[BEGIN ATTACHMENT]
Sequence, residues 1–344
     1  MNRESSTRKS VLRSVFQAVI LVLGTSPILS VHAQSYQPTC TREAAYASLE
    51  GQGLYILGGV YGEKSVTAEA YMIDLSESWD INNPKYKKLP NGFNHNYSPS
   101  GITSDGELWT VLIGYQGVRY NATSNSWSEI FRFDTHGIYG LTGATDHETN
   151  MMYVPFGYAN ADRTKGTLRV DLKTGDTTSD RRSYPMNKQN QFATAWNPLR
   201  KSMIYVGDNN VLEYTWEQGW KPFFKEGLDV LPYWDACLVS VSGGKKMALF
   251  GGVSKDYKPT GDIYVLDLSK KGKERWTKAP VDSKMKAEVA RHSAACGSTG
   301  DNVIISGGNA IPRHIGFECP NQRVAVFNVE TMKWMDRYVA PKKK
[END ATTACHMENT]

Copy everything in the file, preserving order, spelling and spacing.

Sequence, residues 1–344
     1  MNRESSTRKS VLRSVFQAVI LVLGTSPILS VHAQSYQPTC TREAAYASLE
    51  GQGLYILGGV YGEKSVTAEA YMIDLSESWD INNPKYKKLP NGFNHNYSPS
   101  GITSDGELWT VLIGYQGVRY NATSNSWSEI FRFDTHGIYG LTGATDHETN
   151  MMYVPFGYAN ADRTKGTLRV DLKTGDTTSD RRSYPMNKQN QFATAWNPLR
   201  KSMIYVGDNN VLEYTWEQGW KPFFKEGLDV LPYWDACLVS VSGGKKMALF
   251  GGVSKDYKPT GDIYVLDLSK KGKERWTKAP VDSKMKAEVA RHSAACGSTG
   301  DNVIISGGNA IPRHIGFECP NQRVAVFNVE TMKWMDRYVA PKKK